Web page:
Wittenberg, Missouri

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MOMap-doton-Wittenberg.png

Wittenberg is an unincorporated community in Brazeau Township in eastern Perry County, Missouri. It is located on the Mississippi River 14 miles (23 km) southeast of Perryville. Wittenberg is located in the Brazeau Bottoms on Brazeau Creek opposite Grand Tower, Illinois and Tower Rock, a landmark island in the Mississippi River.

History[edit]

Tower Rock, near Wittenberg.

Wittenberg is one of seven towns and villages in the area founded by German Lutheran immigrants in 1839. It and the others—Altenburg, Dresden, Frohna, Johannisberg, Paitzdorf, and Seelitz—were all named by settlers for towns in the Saxony region of their native country.[1] The city's namesake, Wittenberg, Germany, is important in Lutheran history as the place where founder Martin Luther started the Protestant Reformation.[2]

Historical population
Census Pop.
1900114
191087−23.7%
1920269209.2%
193095−64.7%
194084−11.6%
195054−35.7%
196030−44.4%
19709−70.0%
19804−55.6%
U.S. Decennial Census[3]

The immigrant group would eventually form the backbone of the Lutheran Church–Missouri Synod, and they considered Tower Rock, nearby in the Mississippi River, to be their own version of Plymouth Rock in their search for religious freedom.[4] At its high point, Wittenberg had as many as 400 residents. In addition to St. Paul's Lutheran church and one-room school, the town supported a brewery, a furniture factory, two grocery stores, a tavern, a flour mill, a cooperage, and two hotels.[4]

Among Wittenberg's claims to fame is the last train robbery in Missouri. In November, 1922, a train bound for San Francisco, California from St. Louis was robbed approximately 2 miles (3.2 km) north of Wittenberg. Over $100,000 dollars was taken by Jack "Quail Hunter" Kennedy, a notorious train robber and last active member of the Jesse James gang.[5] Unfortunately one of his two accomplices was secretly working undercover for the railroad police. When Kennedy and the other robber showed up to board their getaway autos, they were met by a host of law officers including two deputy sheriffs, three railroad special agents, and six postal inspectors. Not heeding demands to surrender, Kennedy reached for his weapon and both robbers were shot dead.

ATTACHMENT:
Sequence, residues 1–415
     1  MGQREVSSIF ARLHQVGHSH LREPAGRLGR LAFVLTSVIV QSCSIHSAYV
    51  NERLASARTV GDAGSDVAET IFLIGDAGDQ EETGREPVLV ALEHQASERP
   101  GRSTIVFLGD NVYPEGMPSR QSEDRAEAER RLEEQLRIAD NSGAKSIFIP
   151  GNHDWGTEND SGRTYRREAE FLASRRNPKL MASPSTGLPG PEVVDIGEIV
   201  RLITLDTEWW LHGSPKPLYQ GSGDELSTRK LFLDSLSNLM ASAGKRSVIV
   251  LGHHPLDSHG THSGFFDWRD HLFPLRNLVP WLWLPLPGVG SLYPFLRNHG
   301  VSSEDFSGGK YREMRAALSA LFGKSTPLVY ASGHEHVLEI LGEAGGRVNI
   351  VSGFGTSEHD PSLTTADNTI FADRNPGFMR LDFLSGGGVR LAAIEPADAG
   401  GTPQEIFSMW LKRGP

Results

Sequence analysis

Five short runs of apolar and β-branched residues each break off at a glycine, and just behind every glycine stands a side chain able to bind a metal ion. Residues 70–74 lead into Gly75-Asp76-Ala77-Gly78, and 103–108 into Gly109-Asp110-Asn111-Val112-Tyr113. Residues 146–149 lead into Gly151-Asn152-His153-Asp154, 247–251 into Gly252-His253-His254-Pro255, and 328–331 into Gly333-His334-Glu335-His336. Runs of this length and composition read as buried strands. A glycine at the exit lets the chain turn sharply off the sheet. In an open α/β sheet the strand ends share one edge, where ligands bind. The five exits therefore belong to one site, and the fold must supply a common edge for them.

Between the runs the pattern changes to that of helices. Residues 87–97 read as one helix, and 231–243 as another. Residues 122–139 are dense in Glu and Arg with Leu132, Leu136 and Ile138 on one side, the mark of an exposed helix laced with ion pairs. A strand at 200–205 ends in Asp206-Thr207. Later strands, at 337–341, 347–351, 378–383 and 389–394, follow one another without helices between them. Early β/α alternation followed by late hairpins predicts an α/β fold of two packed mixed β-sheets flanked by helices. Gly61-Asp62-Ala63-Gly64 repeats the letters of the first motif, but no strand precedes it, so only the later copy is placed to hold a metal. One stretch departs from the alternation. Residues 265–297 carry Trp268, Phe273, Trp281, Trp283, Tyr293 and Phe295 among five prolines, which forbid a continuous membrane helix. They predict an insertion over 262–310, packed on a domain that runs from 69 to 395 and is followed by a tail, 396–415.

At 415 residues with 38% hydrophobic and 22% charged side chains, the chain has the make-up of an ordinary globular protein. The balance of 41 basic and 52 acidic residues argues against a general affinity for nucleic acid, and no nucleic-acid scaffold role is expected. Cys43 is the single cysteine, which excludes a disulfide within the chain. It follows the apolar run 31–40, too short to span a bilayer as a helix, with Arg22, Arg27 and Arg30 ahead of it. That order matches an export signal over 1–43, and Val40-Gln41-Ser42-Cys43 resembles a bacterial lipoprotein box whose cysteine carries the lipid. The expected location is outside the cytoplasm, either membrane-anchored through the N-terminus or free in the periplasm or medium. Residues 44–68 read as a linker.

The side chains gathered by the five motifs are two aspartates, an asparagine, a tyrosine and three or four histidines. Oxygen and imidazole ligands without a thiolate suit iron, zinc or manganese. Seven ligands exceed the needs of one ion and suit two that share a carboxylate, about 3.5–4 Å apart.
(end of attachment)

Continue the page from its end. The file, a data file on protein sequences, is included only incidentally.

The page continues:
Floods in 1927 and 1973 badly damaged the town, destroying most of the businesses. The school closed in 1969.[4] In 1980 the few remaining residents of Wittenberg took on the U.S Census Bureau. The official government tally was four. The village members were able to show proof that in fact the population was double that, with eight residents.[1] Finally in 1983, with the population now five people, residents petitioned a Perry County judge to disincorporate the town, which was granted. The Great Mississippi and Missouri Rivers Flood of 1993 destroyed what little was left of the community.[4] Today only a few house foundations, steps, and the paved riverfront boat dock remain. In 1994 the Lutheran Historical Society of Perry County erected a large marker on the site where the Wittenberg Lutheran Church once stood.[4]

Geography[edit]

Wittenberg lies at the southern end of Brazeau Bottom along the Mississippi River. To its west lie the Mississippi River bluffs, and to the east lie Tower Rock, Grand Tower Island, and Grand Tower, Illinois. Brazeau Creek empties into the Mississippi River at Wittenberg. The Grand Tower Pipeline Bridge crosses the Mississippi River at Wittenberg.

Gallery[edit]

References[edit]

  1. ^ a b McMillen, Margot Ford (1994). Paris, Tightwad and Peculiar: Missouri Place Names. Columbia, Missouri: University of Missouri Press. pp. 55–56. ISBN 0-8262-0972-6.
  2. ^ Earngey, Bill (1995). Missouri Roadsides: The Traveler's Companion. University of Missouri Press. p. 5.
  3. ^ United States Census Bureau. "Census of Population and Housing". Retrieved July 9, 2015.
  4. ^ a b c d e "Wittenberg: Nothing left but relics and memories". The Southeast Missourian. December 10, 2005. Retrieved September 24, 2012.
  5. ^ "West's Last Notorious Train Robber Dies Fighting Officers in Hold-Up". The Washington Post. November 5, 1922. p. 2.

Coordinates: 37°39′09″N 89°31′28″W / 37.65250°N 89.52444°W / 37.65250; -89.52444